So the new Warhammer Quest board game is no longer available online. I mean, it’s not even out yet, this is being written during the pre-order week. But they’ve been hyping it for months, and now have sold out. I believe they’re making more, so it’s probably not going to be a problem – the quote is something like, they’re going to keep the base game in stock as they have done for Blackstone Fortress, which is still available as I write this.

But the way this sold out during the pre-order window, much like Piety and Pain, and Indomitus, and the plastic Sisters box, makes me baffled, for sure!

It feels very much like GW are increasingly all about the big splash releases, selling big boxes in small quantities rather than just letting people access their product in a more reasonable fashion. There is internet cynicism abound, of course, which blames shareholders and so on, but it definitely feels like GW has at the very least, shuffled a little away from being all about public engagement. On the one hand, they’re giving us incredible releases like Cursed City, but on the other they’re not really giving everybody the chance to experience that. An actual pre-order system, whereby you register your interest to buy the product and then they go ahead and fulfil that, would perhaps have been better, going up right at the start of the hype season.

I mean, they’re a fairly large company. They should be able to deal with that, right?

As it is, my interest was kinda waning anyway, but now I’m just thinking, I have enough plastic to keep me going. I’m fine with this. I don’t really have the energy for big splash releases anymore…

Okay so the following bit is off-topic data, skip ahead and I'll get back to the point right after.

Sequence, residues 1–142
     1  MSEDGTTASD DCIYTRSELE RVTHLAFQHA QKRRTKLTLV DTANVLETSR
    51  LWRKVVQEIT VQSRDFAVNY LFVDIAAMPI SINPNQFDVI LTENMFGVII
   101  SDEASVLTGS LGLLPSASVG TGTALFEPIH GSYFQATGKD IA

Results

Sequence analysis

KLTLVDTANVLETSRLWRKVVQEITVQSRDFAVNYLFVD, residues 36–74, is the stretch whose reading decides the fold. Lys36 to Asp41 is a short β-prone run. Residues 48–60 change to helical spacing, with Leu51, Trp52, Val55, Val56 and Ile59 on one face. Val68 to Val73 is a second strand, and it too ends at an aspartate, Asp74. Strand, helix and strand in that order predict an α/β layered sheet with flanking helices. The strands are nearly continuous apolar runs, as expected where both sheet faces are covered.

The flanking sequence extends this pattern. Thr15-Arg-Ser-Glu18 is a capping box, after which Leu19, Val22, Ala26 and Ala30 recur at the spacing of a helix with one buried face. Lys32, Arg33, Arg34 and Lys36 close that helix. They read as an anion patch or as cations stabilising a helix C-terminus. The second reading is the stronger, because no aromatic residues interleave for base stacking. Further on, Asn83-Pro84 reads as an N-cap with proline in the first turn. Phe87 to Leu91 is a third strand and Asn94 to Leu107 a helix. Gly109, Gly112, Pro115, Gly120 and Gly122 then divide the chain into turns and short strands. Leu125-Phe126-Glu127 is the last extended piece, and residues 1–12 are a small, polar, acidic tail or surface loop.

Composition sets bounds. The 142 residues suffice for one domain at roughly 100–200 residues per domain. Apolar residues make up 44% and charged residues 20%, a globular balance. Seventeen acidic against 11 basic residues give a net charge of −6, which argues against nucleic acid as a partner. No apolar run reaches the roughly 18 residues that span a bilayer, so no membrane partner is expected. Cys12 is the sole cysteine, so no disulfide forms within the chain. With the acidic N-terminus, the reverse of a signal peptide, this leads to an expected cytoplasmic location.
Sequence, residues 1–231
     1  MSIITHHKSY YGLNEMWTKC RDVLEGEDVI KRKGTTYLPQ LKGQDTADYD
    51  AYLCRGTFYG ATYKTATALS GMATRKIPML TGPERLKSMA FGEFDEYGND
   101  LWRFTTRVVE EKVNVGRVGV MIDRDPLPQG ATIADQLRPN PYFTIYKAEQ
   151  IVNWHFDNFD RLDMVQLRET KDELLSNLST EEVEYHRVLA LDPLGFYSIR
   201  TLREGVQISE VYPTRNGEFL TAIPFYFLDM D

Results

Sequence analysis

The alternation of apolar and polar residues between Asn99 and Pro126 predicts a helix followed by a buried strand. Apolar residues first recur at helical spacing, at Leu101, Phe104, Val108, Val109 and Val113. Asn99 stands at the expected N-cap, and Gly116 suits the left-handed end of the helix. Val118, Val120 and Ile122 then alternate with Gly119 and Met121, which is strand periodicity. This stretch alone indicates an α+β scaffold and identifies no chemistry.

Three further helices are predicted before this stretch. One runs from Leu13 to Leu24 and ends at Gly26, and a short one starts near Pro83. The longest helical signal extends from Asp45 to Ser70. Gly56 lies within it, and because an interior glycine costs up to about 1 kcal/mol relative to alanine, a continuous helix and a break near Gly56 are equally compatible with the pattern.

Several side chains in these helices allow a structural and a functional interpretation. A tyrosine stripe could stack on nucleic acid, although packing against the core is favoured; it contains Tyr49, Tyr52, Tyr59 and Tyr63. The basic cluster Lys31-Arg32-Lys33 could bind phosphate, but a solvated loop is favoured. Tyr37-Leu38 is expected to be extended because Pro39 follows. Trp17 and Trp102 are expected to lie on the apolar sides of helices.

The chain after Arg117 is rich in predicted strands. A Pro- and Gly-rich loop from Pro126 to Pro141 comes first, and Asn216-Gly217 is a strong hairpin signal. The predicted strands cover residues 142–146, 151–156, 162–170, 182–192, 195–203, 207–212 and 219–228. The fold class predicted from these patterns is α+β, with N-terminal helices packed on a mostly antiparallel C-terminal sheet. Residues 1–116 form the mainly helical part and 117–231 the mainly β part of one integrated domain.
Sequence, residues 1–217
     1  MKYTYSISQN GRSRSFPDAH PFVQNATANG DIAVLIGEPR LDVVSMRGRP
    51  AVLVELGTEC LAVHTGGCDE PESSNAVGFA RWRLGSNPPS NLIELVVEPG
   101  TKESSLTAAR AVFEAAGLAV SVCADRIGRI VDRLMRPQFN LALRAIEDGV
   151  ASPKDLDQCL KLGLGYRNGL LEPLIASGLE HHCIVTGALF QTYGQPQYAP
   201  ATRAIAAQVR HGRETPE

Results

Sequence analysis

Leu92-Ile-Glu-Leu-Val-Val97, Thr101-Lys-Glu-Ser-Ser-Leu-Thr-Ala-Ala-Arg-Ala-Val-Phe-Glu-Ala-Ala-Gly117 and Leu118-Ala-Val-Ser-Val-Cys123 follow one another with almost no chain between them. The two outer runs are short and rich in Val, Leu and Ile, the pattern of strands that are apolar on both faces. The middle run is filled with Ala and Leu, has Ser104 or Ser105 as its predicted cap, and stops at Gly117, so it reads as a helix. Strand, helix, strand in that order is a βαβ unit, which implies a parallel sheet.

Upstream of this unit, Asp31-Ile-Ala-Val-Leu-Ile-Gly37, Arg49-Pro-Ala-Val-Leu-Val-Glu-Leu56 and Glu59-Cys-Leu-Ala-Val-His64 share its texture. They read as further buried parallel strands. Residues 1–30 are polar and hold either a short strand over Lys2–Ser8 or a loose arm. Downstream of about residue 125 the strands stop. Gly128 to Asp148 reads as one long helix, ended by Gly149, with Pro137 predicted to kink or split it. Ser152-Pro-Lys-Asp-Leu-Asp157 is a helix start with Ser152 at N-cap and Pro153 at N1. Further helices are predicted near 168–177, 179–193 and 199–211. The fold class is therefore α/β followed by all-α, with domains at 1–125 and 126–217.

/grumpy old man rant 🤣

Star Wars Galaxy Guides (part two)

Hey everybody,
Almost a year to the day after taking a look at the first six Galaxy Guides for the original Star Wars RPG from West End Games, I’m back to take a look at books 7 to 12, as I get all warm and nostalgic for Star Wars in the olden days!

Galaxy Guide 7 is all about Mos Eisley, and brings together a variety of bits and pieces from the guide covering episode IV, plus Tatooine Manhunt, then builds upon it. We have profiles for all the personnel we could ever hope to encounter, from the Imperial Governor right on down to a lowly Squib droid dealer named Mace Windu. Yep, back before the prequels this was just another name running around in the background of the lore. Funny, huh?

The eighth book is all about Scouts, and is somewhat renowned for being the first of the WEG books to take things firmly into the New Republic era. It has a lot that deals with expanding the frontier, with stuff like planet generators that allow GMs to go crazy with creating their own area of SW lore. Book 9, Fragments from the Rim, is such a curious beast, I don’t know where to begin! It’s almost like a compilation of odds and ends that we’re trimmed out from other books – chapters cover everything from Rebel SpecOps to leisure activities and music in the GFFA, and take in both the Empire and swoop gangs, big business and the criminal underworld along the way. It’s so bizarre, I just love it! I feel like this one, more than anything, is truly indicative of how much of a sandbox the WEG system could be for the RPG. Truly amazing.

Guide 10 is all about Bounty Hunters, and would have been the essential book for players who want to use a bounty hunter character in the game. We get some background on what hunting is all about, specifically how it is regulated in the Empire, and run through character creation and profiles of notable hunters, including of course all six hunters who answered Vader’s call in Empire. The book is a fascinating exploration of bounty hunting, giving loads of in-depth information on everything from weapons and other tools, to the various Guilds and such. It concludes with an adventure specifically designed for three bounty hunter characters. All in all, it does exactly as you’d expect, and I imagine you’d find this book indispensable if that was the career path for your character.